Important Chemists in History: Friedrich Wöhler
"In the Beginning, There Was a Dog Kidney"
Friedrich Wöhler (1800-1882), German chemist. A student of Leopold Gmelin at Heidelberg and of the great Berzelius at Stockholm, Wöhler held teaching positions at Berlin and Cassel before accepting the chair in chemistry at Göttingen in 1836, where he remained for the rest of his life. An eclectic chemist, he is best known in the field of organic chemistry for his collaborative work with Liebig on the isomerism of the fulminate and cyanate radicals (1823) and on the chemistry of the benzoyl radical (1832), and for his synthesis of urea from ammonium cyanate, (1828) which was later interpreted as a decisive blow against the doctrine of vitalism. In the field of inorganic chemistry, he is best known for his isolation of the elements aluminum (1827) and beryllium (1828) and, in the field of chemical education, for the many 19th-century American chemists who came to study in his laboratory.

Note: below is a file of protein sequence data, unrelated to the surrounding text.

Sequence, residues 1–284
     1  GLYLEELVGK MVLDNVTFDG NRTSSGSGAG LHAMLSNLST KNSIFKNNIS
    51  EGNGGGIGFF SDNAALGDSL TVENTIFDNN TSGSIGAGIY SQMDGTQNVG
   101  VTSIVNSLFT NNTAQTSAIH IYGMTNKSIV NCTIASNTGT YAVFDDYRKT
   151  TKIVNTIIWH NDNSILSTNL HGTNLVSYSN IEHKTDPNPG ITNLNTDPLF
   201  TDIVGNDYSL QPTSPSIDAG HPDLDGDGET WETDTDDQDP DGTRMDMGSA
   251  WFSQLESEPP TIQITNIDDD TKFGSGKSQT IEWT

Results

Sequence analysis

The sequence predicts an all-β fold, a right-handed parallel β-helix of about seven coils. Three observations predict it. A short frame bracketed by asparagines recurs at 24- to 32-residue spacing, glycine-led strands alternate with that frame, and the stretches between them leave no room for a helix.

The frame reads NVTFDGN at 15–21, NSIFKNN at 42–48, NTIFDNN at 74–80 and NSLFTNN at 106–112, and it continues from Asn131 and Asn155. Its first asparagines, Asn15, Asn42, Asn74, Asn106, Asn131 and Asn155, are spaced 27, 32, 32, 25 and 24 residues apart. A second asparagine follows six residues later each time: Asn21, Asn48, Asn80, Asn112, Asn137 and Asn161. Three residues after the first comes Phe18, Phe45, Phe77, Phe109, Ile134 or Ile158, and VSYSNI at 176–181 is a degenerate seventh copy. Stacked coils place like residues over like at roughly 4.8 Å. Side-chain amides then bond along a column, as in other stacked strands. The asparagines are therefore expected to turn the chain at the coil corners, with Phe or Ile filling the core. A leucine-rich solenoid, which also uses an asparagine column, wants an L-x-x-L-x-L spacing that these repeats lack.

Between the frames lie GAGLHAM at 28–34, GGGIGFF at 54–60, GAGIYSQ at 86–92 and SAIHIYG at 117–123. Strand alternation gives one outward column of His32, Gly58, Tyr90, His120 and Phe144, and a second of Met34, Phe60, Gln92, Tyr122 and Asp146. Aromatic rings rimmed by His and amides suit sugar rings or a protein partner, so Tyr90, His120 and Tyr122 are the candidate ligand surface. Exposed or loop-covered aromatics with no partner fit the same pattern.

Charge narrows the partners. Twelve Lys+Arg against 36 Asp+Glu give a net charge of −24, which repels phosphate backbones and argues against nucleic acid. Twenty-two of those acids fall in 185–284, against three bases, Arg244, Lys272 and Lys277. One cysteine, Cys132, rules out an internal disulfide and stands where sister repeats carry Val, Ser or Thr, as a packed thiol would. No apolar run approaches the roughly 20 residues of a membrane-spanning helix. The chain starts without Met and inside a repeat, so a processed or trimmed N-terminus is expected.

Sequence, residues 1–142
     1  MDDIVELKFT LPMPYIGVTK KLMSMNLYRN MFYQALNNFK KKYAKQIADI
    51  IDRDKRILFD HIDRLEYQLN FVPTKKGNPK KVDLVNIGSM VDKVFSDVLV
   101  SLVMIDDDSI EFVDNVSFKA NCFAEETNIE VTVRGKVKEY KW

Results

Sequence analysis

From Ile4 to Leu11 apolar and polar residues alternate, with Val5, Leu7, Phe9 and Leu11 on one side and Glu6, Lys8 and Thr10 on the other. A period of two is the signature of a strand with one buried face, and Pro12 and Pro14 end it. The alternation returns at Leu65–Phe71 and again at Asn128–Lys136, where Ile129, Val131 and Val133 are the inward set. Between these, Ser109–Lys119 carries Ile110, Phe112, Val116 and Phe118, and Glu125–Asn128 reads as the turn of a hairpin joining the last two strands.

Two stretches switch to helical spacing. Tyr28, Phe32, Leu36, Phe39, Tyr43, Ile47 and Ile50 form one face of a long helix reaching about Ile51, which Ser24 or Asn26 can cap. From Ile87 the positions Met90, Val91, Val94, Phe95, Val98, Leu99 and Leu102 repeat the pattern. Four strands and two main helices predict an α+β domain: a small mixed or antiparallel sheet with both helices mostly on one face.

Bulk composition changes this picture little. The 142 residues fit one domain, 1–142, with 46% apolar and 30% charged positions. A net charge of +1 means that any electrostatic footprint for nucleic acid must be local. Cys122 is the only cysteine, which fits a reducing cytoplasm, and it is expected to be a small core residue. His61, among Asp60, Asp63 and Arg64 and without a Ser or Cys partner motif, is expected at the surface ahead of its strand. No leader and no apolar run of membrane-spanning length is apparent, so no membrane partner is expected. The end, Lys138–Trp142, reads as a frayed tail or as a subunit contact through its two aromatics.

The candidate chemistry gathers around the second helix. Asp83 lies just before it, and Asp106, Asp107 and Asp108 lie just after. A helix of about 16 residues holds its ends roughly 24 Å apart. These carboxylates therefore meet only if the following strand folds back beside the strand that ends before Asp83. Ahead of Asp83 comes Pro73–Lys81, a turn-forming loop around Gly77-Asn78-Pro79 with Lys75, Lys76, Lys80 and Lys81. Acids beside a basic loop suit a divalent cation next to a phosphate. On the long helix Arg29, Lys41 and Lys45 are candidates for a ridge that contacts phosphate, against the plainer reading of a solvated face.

Courtesy of Professor William Jensen, Oesper Chair of the History of Chemistry and Chemical Education, University of Cincinnati